On 23 July 2011, the new face of terrorism, embodied by Anders Behring Breivik, was rapidly revealed to the whole world's media. Identified explicitly as a fundamentalist from the extreme right, opposed to multiculturalism - which he claims is invading Europe - and fundamentally anti-muslim, the man surrendered without resistance to the police, who came to arrest him following his double massacre in Oslo and Utøya. He had prepared for the interrogation and was ready to confirm the information that the police had already gathered on the subject. Indeed, it was Breivik himself who had cleverly distributed this information bit by bit on social networks, including facebook, twitter, youtube and even world of warcraft (fortunately, not all WoW users are potential terrorists!) and on the internet before carrying out the act.
A picture-perfect image of an isolated individual, disconnected from reality and politically and religiously extremist, emerges: in short, an obscure apocalyptic ‘hero’ coming to the ‘rescue’ of Europe. As well as his youtube video made up of ideas, logos and images broadcast on the internet, Breivik copied the writings of an American killer into his manifesto, quoting the so-called Unabomber who carried out terrorist attacks focusing on universities and airlines in the 1980s and 1990s.
Could terrorism become a marketing product? Are we at the dawn of a new era of terrorists, started by Osama Bin Laden? Of a new era of ideological combat dependent on spectacular media coverage?
This Norwegian killer may be as media-conscious as the al-Qaeda network. However, he differs from it in his tremendous isolation. Paradoxically, this ‘indisputable case of terrorism from the extreme right’ (in the words of political scientist Jean-Yves Camus) was decried by the Norwegian progress party (FrP) in which Breivik had campaigned for a long time.
The extreme right and European populist parties, no longer on the margins but integrated into democratic representations, quickly and strongly denounced the barbarity committed, afraid of its connection to their political organisations. In France, the leaders of the extreme right-wing nationalfront swiftly dismissed one of their members, Jacques Coutela, who praised the Norwegian terrorist on his blog. Now is the time to seek political credibility; jokes about gas chambers are not to be made lightly.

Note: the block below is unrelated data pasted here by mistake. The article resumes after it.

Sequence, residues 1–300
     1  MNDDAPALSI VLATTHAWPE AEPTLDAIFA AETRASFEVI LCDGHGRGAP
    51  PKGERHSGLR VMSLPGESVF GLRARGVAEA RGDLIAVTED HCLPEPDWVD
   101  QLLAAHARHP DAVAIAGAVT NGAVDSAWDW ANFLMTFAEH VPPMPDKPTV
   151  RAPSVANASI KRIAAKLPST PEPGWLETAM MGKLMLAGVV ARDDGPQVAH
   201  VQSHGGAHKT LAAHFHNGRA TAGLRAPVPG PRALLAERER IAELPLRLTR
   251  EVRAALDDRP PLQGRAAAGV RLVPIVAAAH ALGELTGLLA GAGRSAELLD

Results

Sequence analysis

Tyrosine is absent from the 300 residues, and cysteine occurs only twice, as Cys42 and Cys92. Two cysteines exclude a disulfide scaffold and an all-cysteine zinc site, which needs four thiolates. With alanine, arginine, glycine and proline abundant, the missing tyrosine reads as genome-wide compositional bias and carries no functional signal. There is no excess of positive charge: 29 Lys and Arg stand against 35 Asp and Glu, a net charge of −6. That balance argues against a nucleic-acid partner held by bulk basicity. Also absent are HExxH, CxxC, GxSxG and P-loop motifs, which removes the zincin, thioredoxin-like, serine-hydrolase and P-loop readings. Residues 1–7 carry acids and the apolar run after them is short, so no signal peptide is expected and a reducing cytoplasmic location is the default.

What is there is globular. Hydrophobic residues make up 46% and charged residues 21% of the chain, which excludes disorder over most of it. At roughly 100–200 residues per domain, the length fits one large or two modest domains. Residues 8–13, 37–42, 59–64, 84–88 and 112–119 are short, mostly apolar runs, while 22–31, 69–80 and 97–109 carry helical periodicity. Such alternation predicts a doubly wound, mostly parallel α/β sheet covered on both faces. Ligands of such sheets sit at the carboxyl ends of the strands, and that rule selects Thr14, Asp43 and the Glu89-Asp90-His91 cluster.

The efforts of these parties over the last years have paid off. The True Finns party (Perussuomalaiset) reached the Finnish parliament in April 2011, achieving a result four times higher than in 2007. In Norway, the progress party has been the main opposition since 2009. Then there’s the renowned Austria of Jörg Haider whose freedom party (FPÖ) even took part in a coalition government in 2000. In 2002 the French national frontmade it to the second round of the French presidential elections. The key to these parties’ successes lies in their new political positioning and in a greater readiness to play the democratic game. They are adjusted to the most modern problems (consider national front leader Marine Le Pen'svisit to the Italian island of Lampedusa focusing on dealing with border control in the Schengen area). Nevertheless, the xenophobic and ultraconservative ideas remain the same. The European extreme right continues to provoke an ideology of hate.
Today, despite a growing craze for these political parties, the ‘re-centering’ of their practices removes the most radical, who reject the democratic way to protect their ideology. This was Breivik's explanation to justify his departure from the Norwegian extreme right party in 2007. This isolated nondescript individual embodies a new generation of terrorists who are absolutely the product of our liberal, narcissistic and individualistic societies.